File Folders Do Serve A Purpose
The reality is that the Windows file folder can work… for the person who created them. That’s why everyone else (sans the person who created them) gets frustrated with central repositories. It’s also why everyone keeps their own stash. It fits “their” context, at least until it doesn’t. Those file folders can work as a logical way to store content. All those files have to be named something and physically go somewhere, don’t they! The trick is to separate the problems. Divide and conquer. Treat the storage problem separately from the retrieval problem. This led us down a new path.
With all of this newfound knowledge, we set out to attack the problem in a new way. #159 will be different! We established these primary criteria for a solution…
- Don’t disrupt current workflows. It’s futile to start there. Rather, augment what’s already going on.
- Don’t require anyone to move their existing content (ie. you can leave it in those awkward Windows file folders). Admittedly this was probably driven initially by a desire to position opposite all of the “store it in the cloud” offerings that are popping up daily, but in reality, it’s about separating the storage problem from the retrieval problem. Who cares where the content lives as long as your users can get to it easily. Moving content “to the cloud” doesn’t solve the context/retrieval problem.
- Provide the end-users with a visually driven, context-sensitive way of finding content.
- Be content agnostic. There is any number of important types of files that need to be centralized, organized and retrieved.
Here’s how AVAIL works. First, we let you create Channels for accessing content. The concept of a Channel in AVAIL is the primary way of beginning to provide the proper context for content. You can create any number of Channels and each Channel can contain any combination of content.
Secondly, want to build two or more Channels that contain some of the same content? You can, and without making copies of the file(s). AVAIL doesn’t move content around, it’s indexed. That’s how we begin separating where the content is “stored” from how it is “consumed”. The index provides flexibility on the front end. It lets you get to content from multiple entry points (Channels) and is the key to providing unlimited contextual entry points to the same piece of content.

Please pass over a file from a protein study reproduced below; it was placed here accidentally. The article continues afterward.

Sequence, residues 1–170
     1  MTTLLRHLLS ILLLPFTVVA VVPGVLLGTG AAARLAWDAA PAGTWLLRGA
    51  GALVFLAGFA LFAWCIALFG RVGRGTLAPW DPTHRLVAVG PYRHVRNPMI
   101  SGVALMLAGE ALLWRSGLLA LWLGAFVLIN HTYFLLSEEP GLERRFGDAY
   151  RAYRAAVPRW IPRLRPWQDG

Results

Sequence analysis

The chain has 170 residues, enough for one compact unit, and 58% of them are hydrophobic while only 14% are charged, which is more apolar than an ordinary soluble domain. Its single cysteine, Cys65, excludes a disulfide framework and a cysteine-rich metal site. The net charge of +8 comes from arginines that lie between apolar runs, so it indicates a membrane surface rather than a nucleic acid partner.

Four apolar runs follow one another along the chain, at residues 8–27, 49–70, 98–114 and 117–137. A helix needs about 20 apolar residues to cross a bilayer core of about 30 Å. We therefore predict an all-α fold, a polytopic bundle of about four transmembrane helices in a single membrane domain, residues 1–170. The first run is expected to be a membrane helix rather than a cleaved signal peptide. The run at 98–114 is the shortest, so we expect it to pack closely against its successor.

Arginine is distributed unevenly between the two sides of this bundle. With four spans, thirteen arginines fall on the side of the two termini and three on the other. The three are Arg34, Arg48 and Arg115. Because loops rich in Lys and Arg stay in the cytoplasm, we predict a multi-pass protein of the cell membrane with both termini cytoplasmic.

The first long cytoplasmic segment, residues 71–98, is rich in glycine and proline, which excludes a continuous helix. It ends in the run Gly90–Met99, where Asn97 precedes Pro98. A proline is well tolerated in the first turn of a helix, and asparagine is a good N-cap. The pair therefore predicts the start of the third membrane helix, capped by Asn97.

Thirdly, provide a visual way to drill down to the content you need. AVAIL does this with a new tag-driven filtering technology we call Panoply. Panoply provides the ability to create contextually sensitive arrangements of tags per Channel. As you click on Tags in the Filters panel of a Channel you are essentially expressing intent, a direction. Tags that are irrelevant based on your choices disappear. It’s a dynamic contextual path of sorts. It’s one of those things you have to experience to fully appreciate its effectiveness. A massive amount of meta-data can be encoded as Tags and arranged for the logical context in AVAIL. You can parse through thousands of files to get to just the right content in a handful of clicks. Need to see the same content in a different context? The same content can live in a different Channel with filtering designed to fit the new context.
We think we’re onto something and working hard to fulfill the promise. The first place you can experience AVAIL and the new Panoply approach to filtering is in the recently released Detail Warehouse product. AVAIL is providing the interface for managing a library of over 27,500 native-built Revit Drafting Views. We’ll also be showing off AVAIL at a couple of events before the end of the year. Look for us at the RTC Europe (booth# 18) event in Budapest, Hungary at the end of October and soon after at Autodesk University (booth# 1213) the first week of December in Las Vegas, NV USA. If you can’t catch us at any of those events you can sign up for updates at avail.archvision.com.